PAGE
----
The stinging nettle plant resembles mint, with fuzzy, jagged leaves paired opposite a central stalk. But the plant's hollow spines contain a decidedly un-mintlike cocktail of irritants, including formic acid, the active ingredient in red ant venom. It figures then, that the plant's scientific name, Urtica dioica, is related to the Latin urticaria, which means "skin rash."
Nettles are among the first of the season's wild plants that can be gathered in quantities large enough for both eating and storage. The wet and warming months of spring are the best time to gather nettles. While the plants will keep growing all summer, it's the supple young shoots—between six and 16 inches tall—that are best to gather and eat.
Nettles contain many nutrients, including calcium, iron, manganese, potassium and protein. They have traditionally been used in supplements by people who don't get enough meat or fruit, and to treat a wide range of ailments, including prostate and kidney problems, arthritis and allergies.
You need gloves and scissors to harvest nettles, unless you want to get stung. Turns out some people do want to get stung.
"The walls of the hairs are composed of silica, i.e., natural glass, and contact breaks the fragile tip of the hair, which is sharp enough to push into the skin, while at the same time the venom, stored under pressure in the expanded base, travels up the hair and is injected into the skin through the broken tip," reports the website www.mordor.u-net.com/smbd/nettles.html in a detailed discussion of a practice called sado-botany.
I learned about sado-botany while searching for nettle information online, evidently with the "safe search" filter on my web browser turned off. The first web page I found, quoted above, offers many thoughtful tips on nettle-enhanced kinky sex, including a sensible warning to avoid use of the New Zealand nettle, which is strong enough to kill a horse.
Those more interested in wholesome nourishment should know that nettle barbs are disarmed when the greens are cooked. They have a wild flavor, earthy like spinach, rich like asparagus.
My nettle stash is up a steep, moist, west-facing drainage near town. The drainage has a little creek that runs next to a trail that, in spring, is often layered with a slippery layer of mud. I call this place "Dog Poop Gulch," or something like that—I can't divulge its real name because if I did, my girlfriend would punish me. (And clearly, nettles and punishment can be a potent combination.)
If you can find your own patch of nettles, you should cash in. Don't worry about decimating the nettle population, because it is almost impossible to do. Nettles aren't native to the United States, so feel free to munch on as many of these invasive weeds as you like. And if you gather more than you can eat for dinner, consider preserving some, via dehydration or blanching and freezing. Just remember, in places like Dog Poop Gulch, you don't want to harvest alongside the trail, for obvious reasons.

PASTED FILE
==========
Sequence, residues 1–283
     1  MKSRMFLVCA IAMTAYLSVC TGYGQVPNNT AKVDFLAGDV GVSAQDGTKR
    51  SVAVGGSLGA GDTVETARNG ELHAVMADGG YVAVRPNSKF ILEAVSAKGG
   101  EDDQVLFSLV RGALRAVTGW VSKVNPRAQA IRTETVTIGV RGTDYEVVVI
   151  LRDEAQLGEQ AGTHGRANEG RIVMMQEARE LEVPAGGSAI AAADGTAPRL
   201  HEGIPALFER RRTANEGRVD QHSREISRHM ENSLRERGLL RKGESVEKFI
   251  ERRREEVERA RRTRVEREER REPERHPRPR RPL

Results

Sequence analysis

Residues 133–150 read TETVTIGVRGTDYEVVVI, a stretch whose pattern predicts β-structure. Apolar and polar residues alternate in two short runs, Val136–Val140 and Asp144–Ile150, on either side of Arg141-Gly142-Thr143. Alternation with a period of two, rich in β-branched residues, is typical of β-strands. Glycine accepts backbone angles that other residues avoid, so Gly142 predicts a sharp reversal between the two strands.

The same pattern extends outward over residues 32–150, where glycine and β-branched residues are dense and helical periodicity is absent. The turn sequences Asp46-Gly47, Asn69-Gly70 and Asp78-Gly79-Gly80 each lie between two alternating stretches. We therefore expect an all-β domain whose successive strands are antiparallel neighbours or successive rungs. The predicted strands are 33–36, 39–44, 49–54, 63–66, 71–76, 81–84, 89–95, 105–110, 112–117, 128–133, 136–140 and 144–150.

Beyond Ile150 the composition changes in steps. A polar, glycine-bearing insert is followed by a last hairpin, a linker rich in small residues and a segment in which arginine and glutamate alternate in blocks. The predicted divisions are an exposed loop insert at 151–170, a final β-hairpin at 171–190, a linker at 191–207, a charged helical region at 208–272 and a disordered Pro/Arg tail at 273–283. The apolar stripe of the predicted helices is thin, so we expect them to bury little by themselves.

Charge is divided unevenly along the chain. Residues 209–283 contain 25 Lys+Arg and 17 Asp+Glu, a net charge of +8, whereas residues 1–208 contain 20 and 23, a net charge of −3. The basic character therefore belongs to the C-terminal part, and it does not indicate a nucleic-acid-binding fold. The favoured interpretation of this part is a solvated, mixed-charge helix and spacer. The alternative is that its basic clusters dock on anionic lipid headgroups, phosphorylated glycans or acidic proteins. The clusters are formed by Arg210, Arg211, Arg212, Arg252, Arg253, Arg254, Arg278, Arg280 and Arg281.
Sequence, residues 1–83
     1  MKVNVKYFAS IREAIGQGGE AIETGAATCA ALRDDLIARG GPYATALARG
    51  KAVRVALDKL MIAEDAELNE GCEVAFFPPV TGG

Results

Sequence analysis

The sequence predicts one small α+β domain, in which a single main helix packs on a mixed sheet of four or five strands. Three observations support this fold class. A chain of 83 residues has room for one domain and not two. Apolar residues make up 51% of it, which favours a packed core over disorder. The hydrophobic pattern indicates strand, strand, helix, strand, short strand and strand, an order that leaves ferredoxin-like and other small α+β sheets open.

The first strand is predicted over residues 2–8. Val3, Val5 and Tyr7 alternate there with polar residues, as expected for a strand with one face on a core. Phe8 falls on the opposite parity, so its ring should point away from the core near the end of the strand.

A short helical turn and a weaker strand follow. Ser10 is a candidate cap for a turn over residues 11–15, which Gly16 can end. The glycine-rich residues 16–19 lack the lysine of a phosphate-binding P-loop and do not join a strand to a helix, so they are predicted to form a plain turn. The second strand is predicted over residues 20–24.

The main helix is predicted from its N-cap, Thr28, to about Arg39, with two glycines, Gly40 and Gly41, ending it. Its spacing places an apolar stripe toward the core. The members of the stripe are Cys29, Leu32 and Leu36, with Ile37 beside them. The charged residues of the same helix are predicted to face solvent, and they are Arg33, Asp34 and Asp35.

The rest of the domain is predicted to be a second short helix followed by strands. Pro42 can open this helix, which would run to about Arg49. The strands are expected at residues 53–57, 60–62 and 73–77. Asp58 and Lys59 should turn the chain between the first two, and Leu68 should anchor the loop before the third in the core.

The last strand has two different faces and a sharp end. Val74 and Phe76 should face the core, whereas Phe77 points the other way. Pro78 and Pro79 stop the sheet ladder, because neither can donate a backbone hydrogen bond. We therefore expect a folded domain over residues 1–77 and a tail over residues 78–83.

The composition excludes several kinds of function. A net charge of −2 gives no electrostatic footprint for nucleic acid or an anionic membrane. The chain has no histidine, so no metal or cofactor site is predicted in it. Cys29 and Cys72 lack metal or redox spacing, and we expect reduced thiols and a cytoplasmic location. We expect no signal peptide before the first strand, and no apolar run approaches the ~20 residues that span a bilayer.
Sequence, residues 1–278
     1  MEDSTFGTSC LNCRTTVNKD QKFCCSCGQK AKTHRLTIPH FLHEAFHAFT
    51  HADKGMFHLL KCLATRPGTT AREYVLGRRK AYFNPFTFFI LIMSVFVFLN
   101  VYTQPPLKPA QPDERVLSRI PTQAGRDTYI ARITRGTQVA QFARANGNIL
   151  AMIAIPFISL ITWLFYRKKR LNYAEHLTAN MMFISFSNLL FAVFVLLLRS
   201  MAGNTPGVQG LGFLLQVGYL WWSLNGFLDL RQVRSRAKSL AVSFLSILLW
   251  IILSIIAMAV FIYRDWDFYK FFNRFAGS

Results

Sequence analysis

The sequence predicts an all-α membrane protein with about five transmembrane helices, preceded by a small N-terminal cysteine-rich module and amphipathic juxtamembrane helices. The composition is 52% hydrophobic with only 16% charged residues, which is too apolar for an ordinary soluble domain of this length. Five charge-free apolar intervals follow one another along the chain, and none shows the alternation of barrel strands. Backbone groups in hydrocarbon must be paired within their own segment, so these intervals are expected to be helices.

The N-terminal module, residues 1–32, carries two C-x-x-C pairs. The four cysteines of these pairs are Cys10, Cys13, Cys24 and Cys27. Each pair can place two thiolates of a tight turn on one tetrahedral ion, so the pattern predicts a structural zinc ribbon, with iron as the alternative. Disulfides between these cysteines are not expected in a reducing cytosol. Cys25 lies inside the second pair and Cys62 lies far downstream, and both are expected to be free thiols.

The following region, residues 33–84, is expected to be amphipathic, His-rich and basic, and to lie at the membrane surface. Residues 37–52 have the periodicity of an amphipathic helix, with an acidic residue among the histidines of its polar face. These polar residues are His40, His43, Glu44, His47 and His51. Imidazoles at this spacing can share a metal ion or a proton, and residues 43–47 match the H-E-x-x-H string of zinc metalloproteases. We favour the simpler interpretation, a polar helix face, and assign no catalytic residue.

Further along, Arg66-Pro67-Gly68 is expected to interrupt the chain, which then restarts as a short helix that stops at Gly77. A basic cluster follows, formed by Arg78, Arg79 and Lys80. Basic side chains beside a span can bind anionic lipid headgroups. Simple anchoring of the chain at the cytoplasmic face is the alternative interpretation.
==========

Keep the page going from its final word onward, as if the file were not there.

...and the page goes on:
Dogs, foragers and sado-botanists aren't the only critters who enjoy the occasional frolic in the nettle patch. There is also my friend Bob Pyle, world-renowned lepidopterist and acclaimed writer and naturalist. Bob, who self-identifies as a non-sado-botanist, told me he knows of at least three butterflies whose caterpillar incarnations eat nothing but nettles. Nobody knows what these larvae ate before nettles invaded North America.
While caterpillars eat their nettles raw, I think that would be too distracting. Just a few minutes of steam wilts the stingers, and you can call it good right there. Toss them with minced garlic and soy sauce, perhaps, and serve. Nettles can make a great pesto too, in conjunction with the usual pesto constituents, minus the basil. And they can be used in any cooked spinach recipe.
Chef Jeff Miller of Papoose Creek Lodge in Montana specializes in cooking with wild foods. He gave me a great recipe for ravioli filling, which would make a fine pizza topping, too. To make it, blanch some nettles a handful at a time in boiling salted water, and then plunge them into an ice bath, a process known as "shocking" that stops the cooking immediately and fixes a bright green color. Squeeze out the water from the shocked nettles.
In a food processor, blend 1 cup blanched nettles, 4 tablespoons grated Parmesan, 4 tablespoons ricotta cheese, 1 teaspoon lemon zest, 1 teaspoon nutmeg and a pinch of salt.
For the ravioli dough, follow the pasta recipe of your choice. I like the one in Joy of Cooking. Roll the fresh pasta into sheets.
On one sheet, place teaspoon-sized dollops of filling in a grid pattern, about 1 1/2 inches apart. Dipping your finger in water, draw lines between the dollops and around the perimeter of the sheet, and cover with another pasta sheet. Starting at one end, press firmly along the wet lines, squeezing out the air and bonding the pasta around each ravioli. Cut apart the raviolis with a butter knife or pasta cutter.
To cook, drop them in a big pot of boiling, salted, olive-oiled water for about 2 minutes, or until they float. Set aside 1/2 cup of pasta water to use in the sauce.
Strain the ravioli, toss them in olive oil and minced raw garlic, and set aside. Make the sauce as follows:
Pan-toast 1/2 cup of crushed walnuts on medium heat. When they're hot and golden, add half a stick of butter. When the butter starts to brown—but before it burns—add 2 tablespoons of lemon juice. Lower heat and toss the ravioli in this sauce with a splash of pasta water. It should sizzle a little. Don't overload the pan with ravioli. Serve sprinkled with toasted walnuts scooped from the pan.
There's no sadism in this dish, just nutritious pleasure—with no stings, and hopefully no extra caterpillar protein.
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